Freshman:better to bring car or not

<p>Hi! I have an incoming female freshman (Univ of Alabama) who would like to bring her car. I have been told by parents of female sophomores there that this is expensive and unnecessary as the parking is very limited and it takes more time to park than it would just to walk not to mention there is ample, convenient public transportation. There is a shuttle to Birmingham to get home any weekend and many of ride share opps to get back to her home town. Thoughts?</p>

<p>We said no car. It's not worth the hassle for a kid living on campus who doesn't have to find and off campus job. No need to worry about parking it, filling it with gas, maintenance issues, damage to it in the parking lot, being the floor chauffeur.</p>

<p>I think a car for freshman (at any school) isn't the best idea. The last thing you want to worry about is driving (either under the influence or not). In addition, your D will be "the kid with the car" so others will certainly ask to borrow it - another concern. I don't know much about Univ of Alabama, but I imagine she won't have much need for a car anyway.</p>

<p>Every situation is different. We are definitely allowing our daughter to take her car to college. She has been driving for 3 years and is responsible, so we see no reason to take that privilege away from her in college.</p>

<p>We would probably feel differently if she was attending an urban school. (FWIW, if my child was attending Alabama, she would be allowed to take her car.)</p>

<p>I realize there will be challenges with parking, maintenance, and people asking for rides. But I believe the trade-off is worth it for a good kid to be allowed a bit of freedom and independence.</p>

<p>Many schools don't allow freshmen to have cars. It sounds like UA does, so I 'd ask (a) how far is the lot from her dorm? How often will she use it? Does she really need it? Will she take care of it properly? How much does it cost to park it there? Do you live out of state and will you have to deal with getting the car home for inspections for tag renewal, etc? These can be inconveniences people may not think about. Good luck.</p>

<p>I agree that every situation is different. I think a big factor is how long your child has been driving. In our rural area, ALL the kids have cars in high school. They actually need them. In most homes, both parents work and aside of the school bus, there is NO public transportation of any kind. No bus, no taxi, no train, etc. They have clubs, after school activities, etc. A lot of the 'farm' kids also use their trucks to help with farm chores, errands, etc. All the households have 2 cars plus what the kids drive.</p>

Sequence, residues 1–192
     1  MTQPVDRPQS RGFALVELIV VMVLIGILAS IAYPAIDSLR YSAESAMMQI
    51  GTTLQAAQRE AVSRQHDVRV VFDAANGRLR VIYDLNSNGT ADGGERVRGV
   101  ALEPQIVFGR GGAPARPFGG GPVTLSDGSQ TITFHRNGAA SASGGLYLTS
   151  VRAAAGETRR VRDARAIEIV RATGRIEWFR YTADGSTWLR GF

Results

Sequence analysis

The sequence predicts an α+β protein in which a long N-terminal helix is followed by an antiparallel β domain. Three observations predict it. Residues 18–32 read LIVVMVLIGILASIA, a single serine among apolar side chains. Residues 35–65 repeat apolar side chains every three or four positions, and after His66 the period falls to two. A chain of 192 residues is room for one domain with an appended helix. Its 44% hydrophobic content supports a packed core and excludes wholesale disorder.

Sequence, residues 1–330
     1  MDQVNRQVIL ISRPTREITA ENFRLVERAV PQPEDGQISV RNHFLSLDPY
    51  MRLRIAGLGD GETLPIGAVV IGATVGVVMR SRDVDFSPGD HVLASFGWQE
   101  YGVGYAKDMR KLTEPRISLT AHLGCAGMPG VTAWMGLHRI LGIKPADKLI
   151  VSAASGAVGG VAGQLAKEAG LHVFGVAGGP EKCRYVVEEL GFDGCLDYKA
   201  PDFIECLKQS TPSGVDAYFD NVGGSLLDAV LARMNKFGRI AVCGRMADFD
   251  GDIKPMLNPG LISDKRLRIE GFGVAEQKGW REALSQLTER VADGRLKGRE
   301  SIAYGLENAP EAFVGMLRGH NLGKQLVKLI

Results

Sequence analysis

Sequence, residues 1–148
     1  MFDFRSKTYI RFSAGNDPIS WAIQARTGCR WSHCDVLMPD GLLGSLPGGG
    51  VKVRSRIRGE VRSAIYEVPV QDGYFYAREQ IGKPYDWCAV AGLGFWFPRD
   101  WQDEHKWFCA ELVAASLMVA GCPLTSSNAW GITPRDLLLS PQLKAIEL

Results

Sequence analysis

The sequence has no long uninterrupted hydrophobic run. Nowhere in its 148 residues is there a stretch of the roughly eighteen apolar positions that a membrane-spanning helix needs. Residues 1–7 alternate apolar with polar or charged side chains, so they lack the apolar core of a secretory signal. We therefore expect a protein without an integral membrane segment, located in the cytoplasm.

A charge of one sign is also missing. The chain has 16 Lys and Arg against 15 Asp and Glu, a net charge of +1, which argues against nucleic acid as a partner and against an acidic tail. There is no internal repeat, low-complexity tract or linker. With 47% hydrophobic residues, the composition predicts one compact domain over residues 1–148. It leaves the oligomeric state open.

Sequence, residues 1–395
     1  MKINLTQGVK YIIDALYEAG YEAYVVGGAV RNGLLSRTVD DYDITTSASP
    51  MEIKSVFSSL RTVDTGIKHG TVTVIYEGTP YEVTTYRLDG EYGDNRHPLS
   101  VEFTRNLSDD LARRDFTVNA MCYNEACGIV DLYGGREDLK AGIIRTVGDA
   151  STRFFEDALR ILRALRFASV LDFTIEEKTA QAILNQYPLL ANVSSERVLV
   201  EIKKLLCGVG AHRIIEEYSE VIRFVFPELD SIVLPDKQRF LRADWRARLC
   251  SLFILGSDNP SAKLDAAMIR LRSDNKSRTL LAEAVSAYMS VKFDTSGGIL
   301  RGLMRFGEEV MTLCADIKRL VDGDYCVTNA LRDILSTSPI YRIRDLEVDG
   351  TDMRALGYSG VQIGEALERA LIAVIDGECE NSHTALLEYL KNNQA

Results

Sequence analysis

<p>The closest Wal Mart is 28 miles away. Same for movies, restaurants, skating, etc. The kids here get their licenses at 16 .They drove all year with their parents when they were 15, so by the time they go to college, they have a lot of experience. I think that is the key.</p>

<p>At S' school, a parking permit was $165 for the entire year and he was given a spot in a parking garage. Even though his town has city transit, he drove his car to go to the movies, the mall, out to eat, etc. We only live 3 hours from there, so he also used it to come home occasionally.</p>

<p>He'll be in an apartment this year that provides a shuttle bus to campus. He'll take the shuttle to class, but still have his car.</p>

<p>I guess I would never consider being without a car, so can't imagine making one of the kids do so. I am sure it would be different if we lived in a city and we all took public transit, but it does not cost to park here - no meters anywhere. It's just a difference in living styles.</p>

<p>S always gave kids rides in high school too. At football practice or FFA meetings, etc underclassmen would need a ride home afterward sometimes. D15 is a varsity cheerleader, all this week they are taking the softball & football teams popsicles twice a day during their practices. We can't get her there all the time due to work & with 100 degree temps it's too hot to walk. The upperclassmen cheerleaders are providing the rides.</p>

<p>As far as maintenence, we had the 'garage' go over S car before he left. H changed the oil this past weekend, etc. If he has a flat tire, he'll need to change it or air it up to get it to a garage. We have emergency roadside on our car insurance too.</p>

<p>I am from Birmingham- my niece is going as a freshman this year and is taking her car. I don't think a car is needed at all especially if she isn't working- there are so many that do have cars and you can walk most places- she can always take it back after Christmas- what does she say? I would ask upper classmen also what they think about parkign etc....</p>